Ex-Megadeth bassist David Ellefson spoke about the bands, Slayer, Exodus, and Overkill. According to Ellefson, Exodus and Overkill were not valued highly enough by the thrash metal community, and Exodus had a big impact on the Slayer band.
David Ellefson thinks that Exodus and Overkill are very important thrash metal bands, and if it were the Big Five instead of the Big Four, Exodus would definitely be one of them.
The American thrash metal band Exodus was formed in the late 70s in Richmond, California. The band has released twelve studio albums to date and has sold more than 5 Million worldwide.
The band has changed its lineup many times and has not been able to maintain continuity, which is one of the biggest reasons why they have not been able to take another step up the steps of fame.
However, David Ellefson showed Exodus enough respect. In a brand new interview with Yes You Can Play Guitar, he argued that Exodus should be part of the Big Six along with Overkill.
“Well, I think if you opened that gate at all, it’d have to be ‘Big Six’, because you’d let in Exodus and then you’d probably let in Overkill. ‘Cause you’d have to get a West Coast [band] and an East Coast [act], ’cause I think it starts to go like that.
“If there was a ‘Big Five’, it would be Exodus, for sure, because, look, from them came Kirk Hammett. They were staples of the scene up there. I remember Kerry King telling me, ‘[Exodus drummer] Tom Hunting’s the shit, man. Tom Hunting’s the guy.'”
Ellefson Says Exodus Made Slayer Become Slayer
in 1984, Ellefson had invited Slayer‘s guitarist Kerry King to Megadeth, but Kerry had rejected this offer due to his commitment to Slayer. However, although Kerry rejected the offer, he appeared in live shows with Megadeth for several months.
According to Ellefson, these few months had a big impact on Slayer. The legendary bassist considers the main reason for this to be the relationships that Kerry has built in these few months.
“It’s my opinion that after Kerry played with [Megadeth in 1984], he met the Exodus guys, he saw Exodus play, he learned how Tom Hunting played, he went home and made Dave Lombardo play like Tom Hunting. [Laughs] That’s why Slayer got so fast.
“Those five shows Kerry did with us that brought us to the Bay Area opened his eyes to, like, ‘Wow. This is how it’s done.’ And then he went back to L.A. and he carried on away from Megadeth and he carried on with Slayer. But he whipped Slayer into shape, ’cause he had seen… ‘Thine eyes had seen the glory’ of what thrash metal really was from the Bay Area, and that helped Slayer become Slayer.”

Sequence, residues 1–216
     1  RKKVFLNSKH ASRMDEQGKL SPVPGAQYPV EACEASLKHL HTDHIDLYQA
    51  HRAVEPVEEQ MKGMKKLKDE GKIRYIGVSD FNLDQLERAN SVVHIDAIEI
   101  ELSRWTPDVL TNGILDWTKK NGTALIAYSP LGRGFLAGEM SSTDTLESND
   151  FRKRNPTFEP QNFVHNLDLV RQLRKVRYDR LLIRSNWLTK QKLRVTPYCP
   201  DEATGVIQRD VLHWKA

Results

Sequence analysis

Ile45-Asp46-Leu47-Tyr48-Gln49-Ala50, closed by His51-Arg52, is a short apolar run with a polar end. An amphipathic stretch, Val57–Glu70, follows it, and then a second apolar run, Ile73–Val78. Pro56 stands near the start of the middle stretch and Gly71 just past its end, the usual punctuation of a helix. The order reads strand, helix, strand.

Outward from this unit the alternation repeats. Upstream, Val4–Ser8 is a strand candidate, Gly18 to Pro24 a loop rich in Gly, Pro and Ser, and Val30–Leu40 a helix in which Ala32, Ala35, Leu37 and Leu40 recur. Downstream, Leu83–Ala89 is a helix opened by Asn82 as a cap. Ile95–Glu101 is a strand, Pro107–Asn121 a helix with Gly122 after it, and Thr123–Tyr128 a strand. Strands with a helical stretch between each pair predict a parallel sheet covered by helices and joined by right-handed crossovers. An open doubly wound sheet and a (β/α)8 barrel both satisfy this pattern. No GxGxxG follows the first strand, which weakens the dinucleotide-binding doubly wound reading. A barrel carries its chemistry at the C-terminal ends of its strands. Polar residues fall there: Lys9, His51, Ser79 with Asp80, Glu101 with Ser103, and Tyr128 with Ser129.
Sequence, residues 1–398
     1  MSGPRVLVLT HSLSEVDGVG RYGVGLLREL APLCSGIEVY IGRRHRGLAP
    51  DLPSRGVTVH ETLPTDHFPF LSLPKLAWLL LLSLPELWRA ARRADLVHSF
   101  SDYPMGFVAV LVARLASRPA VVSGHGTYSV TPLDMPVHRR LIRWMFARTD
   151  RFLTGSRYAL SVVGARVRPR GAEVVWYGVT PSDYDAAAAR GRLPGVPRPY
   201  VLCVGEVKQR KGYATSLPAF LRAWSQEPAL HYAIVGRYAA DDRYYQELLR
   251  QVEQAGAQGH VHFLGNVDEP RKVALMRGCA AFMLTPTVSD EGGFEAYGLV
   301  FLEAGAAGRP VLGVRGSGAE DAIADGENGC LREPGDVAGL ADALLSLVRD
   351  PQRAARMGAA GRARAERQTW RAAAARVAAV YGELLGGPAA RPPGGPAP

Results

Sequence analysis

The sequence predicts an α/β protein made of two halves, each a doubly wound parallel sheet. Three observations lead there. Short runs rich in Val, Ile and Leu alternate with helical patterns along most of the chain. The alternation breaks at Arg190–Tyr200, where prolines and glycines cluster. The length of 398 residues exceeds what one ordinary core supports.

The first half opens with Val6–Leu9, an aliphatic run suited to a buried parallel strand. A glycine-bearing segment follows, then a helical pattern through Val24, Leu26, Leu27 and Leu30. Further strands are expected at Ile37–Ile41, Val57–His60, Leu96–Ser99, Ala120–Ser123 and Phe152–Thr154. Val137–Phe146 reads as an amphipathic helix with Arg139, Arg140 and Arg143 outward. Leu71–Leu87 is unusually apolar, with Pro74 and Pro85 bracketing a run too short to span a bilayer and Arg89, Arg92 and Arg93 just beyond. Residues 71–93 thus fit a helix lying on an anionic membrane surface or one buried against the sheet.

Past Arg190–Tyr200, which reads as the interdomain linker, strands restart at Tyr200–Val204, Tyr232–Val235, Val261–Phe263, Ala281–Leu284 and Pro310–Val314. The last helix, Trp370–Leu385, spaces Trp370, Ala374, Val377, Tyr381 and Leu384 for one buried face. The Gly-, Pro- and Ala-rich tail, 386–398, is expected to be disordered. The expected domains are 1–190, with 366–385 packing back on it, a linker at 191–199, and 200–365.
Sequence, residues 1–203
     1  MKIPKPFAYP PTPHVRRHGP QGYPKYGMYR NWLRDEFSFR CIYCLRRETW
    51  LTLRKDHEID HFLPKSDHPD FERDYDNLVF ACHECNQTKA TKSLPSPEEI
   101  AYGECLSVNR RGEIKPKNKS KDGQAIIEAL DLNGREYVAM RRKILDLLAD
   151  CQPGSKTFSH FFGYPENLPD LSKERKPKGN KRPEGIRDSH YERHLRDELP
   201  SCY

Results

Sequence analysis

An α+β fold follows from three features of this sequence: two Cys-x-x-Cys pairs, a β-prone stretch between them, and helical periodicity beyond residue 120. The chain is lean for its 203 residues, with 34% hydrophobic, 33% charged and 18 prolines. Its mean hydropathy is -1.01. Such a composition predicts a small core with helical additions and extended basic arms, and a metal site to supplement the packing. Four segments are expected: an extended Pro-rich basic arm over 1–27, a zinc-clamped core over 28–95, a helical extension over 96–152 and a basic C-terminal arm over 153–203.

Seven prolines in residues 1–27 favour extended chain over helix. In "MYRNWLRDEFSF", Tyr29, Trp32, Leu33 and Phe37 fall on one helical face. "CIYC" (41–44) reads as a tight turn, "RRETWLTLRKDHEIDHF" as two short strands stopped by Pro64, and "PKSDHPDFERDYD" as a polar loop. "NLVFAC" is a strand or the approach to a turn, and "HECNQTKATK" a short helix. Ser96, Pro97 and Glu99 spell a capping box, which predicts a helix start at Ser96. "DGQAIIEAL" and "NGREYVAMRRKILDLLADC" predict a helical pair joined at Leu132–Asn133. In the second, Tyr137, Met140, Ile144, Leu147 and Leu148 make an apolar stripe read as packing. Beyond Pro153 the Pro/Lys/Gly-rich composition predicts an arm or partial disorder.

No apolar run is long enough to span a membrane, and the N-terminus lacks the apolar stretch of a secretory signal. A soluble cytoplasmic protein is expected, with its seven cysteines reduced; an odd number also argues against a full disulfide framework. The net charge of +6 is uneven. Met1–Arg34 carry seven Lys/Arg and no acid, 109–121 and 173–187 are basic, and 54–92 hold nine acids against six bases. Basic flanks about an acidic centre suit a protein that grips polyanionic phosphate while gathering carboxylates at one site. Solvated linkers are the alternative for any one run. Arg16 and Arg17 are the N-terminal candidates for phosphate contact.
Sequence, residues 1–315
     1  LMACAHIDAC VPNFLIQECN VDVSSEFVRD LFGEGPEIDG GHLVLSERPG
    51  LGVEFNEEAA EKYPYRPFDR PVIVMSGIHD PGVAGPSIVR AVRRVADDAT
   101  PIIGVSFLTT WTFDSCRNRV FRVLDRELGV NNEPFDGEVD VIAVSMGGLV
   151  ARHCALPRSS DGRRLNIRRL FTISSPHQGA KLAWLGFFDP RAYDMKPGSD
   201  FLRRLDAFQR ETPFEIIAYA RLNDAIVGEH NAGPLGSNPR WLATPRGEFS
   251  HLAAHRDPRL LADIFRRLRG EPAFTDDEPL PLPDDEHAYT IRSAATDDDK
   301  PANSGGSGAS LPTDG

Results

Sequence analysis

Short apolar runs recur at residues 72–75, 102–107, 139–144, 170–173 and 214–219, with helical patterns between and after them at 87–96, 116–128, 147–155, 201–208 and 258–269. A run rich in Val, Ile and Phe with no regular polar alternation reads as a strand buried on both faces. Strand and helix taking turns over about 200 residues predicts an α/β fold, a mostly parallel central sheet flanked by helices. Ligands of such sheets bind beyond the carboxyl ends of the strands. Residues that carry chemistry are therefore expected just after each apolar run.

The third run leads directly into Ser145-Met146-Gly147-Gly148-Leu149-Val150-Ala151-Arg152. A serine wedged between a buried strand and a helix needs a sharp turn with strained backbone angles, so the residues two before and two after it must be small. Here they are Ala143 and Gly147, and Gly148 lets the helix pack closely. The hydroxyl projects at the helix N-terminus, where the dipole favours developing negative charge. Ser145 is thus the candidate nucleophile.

Back in January, Anthrax basist Frank Bello mentioned his passion for Metallica, his respect for James Hetfield, and The Big Four adventures. At first, the musician recalled the show Anthrax played with Metallica on November 14, 2021 at the Welcome To Rockville festival. According to him, he brought the book for James Hetfield and thanked him for being an inspiration for him.
“We were playing with Metallica on Sunday,” Frank said. “I bought the book for James. I wanted to hand it to him and say ‘thank you.’
“After the Anthrax set, I was ready. I made a beeline for my friend James. And I said, ‘I wanna let you know this book would not have been possible without getting the ‘go’ from you, without getting that ‘okay, I can talk about abandonment from my father’ by what the words you said in ‘Absent’.’”
Later then, Frank Bello once again sent praising words for Metallica and James Hetfield. Saying that Metallica didn’t need to do that The Big Four thing, Bello added that they are arguably the best band in the world. He also thanked them to do that The Big Four act.
“Metallica didn’t need to do the ‘Big Four,’” Frank continued. “They could sell out those stadiums on their own. They’re arguably the biggest band in the world.
“[When I spoke to him at the show we made at Welcome To Rockville on November 14], I told [him], ‘Look, if nobody’s told you this before, and I don’t know if they have, thank you. Straight out, thank you. Dude, thank you. You didn’t have to do that.’ And he goes, ‘I get it, man.’
“James is one of those great humble guys. He knows what he has and he knows he’s the deal, but he’s humble enough to say, ‘I get it, dude. It’s a celebration.’ That the ‘Big Four’ was a celebration of this thrash movement coming up.
“That’s what it was for all of us; it really was — the bands and fans. So, yeah, man. I said, ‘Thank you, dude. You didn’t have to do that. I know you guys didn’t have to do that. You did it to celebrate.
“Now, I just wanna let you know, from Frank Bello talking to my friend James…’”